Step 4: (E) Extinguish/Evacuate – Staff should know the location of the fire extinguishers and be able to find them even if the lights are out and there’s a lot of smoke. Fire extinguishers are labeled with the name or type of extinguisher, a picture of the type of fire it will extinguish, and operating instructions. Fortunately, all fire extinguishers operate in the same way, which can easily be remembered with another acronym, P.A.S.S., which stands for:
P – Pull the pin in the nozzle of the extinguisher;
A – Aim the nozzle at the base of the fire;
S – Squeeze the handle; and
S – Sweep from side to side, covering the fire.
Staff should attempt to extinguish only small, contained fires (no larger than a waste basket) where their safety is assured, they have an escape route behind them, and other staff members are available to assist. The rescuing of those in immediate danger, sounding the alarm, and confining fire and smoke should be concurrently accomplished by sufficient numbers of other staff members. If the fire cannot be extinguished, staff should immediately leave, close-off the area, and let the fire department put it out.
Staff members should be prepared, so if there is danger from smoke or fire in their immediate work area, they will evacuate that smoke compartment. To do this, they should first initiate a horizontal evacuation by moving residents down the corridor, through at least one set of fire doors to a safe area. If there’s continued danger from smoke or fire, they should next initiate a vertical evacuation by moving residents down the stairs to a lower level of safety and ultimately out of the building.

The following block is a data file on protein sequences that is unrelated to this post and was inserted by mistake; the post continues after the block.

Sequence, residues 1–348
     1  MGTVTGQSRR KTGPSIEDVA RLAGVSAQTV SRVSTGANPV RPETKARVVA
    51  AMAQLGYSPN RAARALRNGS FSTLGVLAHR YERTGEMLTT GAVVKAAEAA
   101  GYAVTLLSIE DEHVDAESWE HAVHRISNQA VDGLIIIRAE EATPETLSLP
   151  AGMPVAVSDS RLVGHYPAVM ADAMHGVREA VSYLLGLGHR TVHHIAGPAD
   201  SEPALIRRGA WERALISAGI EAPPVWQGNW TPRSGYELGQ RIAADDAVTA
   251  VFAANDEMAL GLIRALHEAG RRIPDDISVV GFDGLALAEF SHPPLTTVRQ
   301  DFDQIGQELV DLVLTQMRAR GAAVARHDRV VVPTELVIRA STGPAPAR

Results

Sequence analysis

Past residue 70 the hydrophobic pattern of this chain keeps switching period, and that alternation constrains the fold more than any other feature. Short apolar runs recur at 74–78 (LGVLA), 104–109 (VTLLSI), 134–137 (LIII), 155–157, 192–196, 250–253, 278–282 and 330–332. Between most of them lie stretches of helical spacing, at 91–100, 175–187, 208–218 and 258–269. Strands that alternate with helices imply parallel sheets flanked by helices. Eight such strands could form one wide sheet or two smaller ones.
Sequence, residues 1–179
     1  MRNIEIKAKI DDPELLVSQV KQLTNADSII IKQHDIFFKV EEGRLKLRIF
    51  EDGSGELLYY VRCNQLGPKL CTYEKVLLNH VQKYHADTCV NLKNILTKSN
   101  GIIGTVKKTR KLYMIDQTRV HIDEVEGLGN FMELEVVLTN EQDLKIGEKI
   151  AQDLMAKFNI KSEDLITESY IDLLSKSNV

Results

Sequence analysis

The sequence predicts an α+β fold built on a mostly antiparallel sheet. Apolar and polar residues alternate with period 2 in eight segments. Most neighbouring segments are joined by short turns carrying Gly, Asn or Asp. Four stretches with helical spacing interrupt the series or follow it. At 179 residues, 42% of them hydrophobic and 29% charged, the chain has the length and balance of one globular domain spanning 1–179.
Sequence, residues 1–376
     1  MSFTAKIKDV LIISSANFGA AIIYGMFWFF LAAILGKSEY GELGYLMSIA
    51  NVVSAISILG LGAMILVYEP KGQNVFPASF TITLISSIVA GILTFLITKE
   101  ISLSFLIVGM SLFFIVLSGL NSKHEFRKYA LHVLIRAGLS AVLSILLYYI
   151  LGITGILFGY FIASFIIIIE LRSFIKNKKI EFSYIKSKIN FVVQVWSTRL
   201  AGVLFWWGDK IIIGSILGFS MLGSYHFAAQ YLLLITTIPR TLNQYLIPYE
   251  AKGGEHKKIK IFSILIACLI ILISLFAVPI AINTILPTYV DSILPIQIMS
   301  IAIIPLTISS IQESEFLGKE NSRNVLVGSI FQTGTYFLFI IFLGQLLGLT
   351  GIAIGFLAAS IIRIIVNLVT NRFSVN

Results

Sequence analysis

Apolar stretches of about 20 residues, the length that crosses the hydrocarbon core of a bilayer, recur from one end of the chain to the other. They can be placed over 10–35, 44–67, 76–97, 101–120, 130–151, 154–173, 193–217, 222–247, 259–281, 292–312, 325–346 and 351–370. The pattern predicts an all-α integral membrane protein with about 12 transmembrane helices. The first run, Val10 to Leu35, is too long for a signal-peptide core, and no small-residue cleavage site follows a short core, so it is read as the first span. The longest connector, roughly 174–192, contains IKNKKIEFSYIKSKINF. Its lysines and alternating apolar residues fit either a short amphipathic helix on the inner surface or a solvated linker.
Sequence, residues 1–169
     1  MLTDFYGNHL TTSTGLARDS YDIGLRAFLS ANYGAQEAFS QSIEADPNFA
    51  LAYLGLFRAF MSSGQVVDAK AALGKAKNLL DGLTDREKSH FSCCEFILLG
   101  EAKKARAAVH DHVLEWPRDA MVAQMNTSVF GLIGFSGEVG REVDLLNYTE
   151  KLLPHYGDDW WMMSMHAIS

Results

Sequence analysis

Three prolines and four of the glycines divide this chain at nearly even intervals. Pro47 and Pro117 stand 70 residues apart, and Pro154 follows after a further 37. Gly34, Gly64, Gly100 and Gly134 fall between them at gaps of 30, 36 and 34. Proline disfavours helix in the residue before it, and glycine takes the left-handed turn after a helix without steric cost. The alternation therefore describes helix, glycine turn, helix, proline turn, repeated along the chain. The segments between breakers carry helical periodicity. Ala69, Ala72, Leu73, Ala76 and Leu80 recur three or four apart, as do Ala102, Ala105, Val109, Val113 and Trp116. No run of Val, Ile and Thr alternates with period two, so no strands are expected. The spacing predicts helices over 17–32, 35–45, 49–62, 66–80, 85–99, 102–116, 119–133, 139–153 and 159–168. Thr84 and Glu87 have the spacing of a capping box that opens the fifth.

The means of assisting a resident varies, depending on the resident's frailty and the number of staff available. Ideally, staff can use a “team and chain” method where staff form a line and pass residents along a pathway, from one staff member to another, until the residents reach a safe smoke compartment. If there is insufficient staff and urgency is required, residents can be moved in blanket or sheet carries, where a resident is placed in a blanket and pulled down the hall to safety. As rooms are evacuated, identifying tags should be affixed to let others know that the room has been evacuated. It is important for staff to remember the following:
Never use elevators to evacuate a fire area.
Evacuate people closest to danger first, then ambulatory residents, followed by non-ambulatory residents, and lastly, critical residents on life support (because they are not in immediate danger and will need more time and care).
If possible, move resident charts with the resident.
All staff members should know the primary and secondary safe areas and route of evacuation according to the facility’s fire plan, which should be openly displayed. The plan should include a chain
(Fire Safety: The R.A.C.E. Protocol Continued)
of command for clear and frequent communication so that staff members know what has been done and needs to happen next. Fire plans should be tailored to the facility and shared with the community fire department. Audits should be performed routinely to ensure exit doors are lit and paths to exits are never blocked.
The keys to protecting the health and safety of residents and staff are frequent in-services, varying practice drills, clear policies and communication, and a commitment from administration and staff.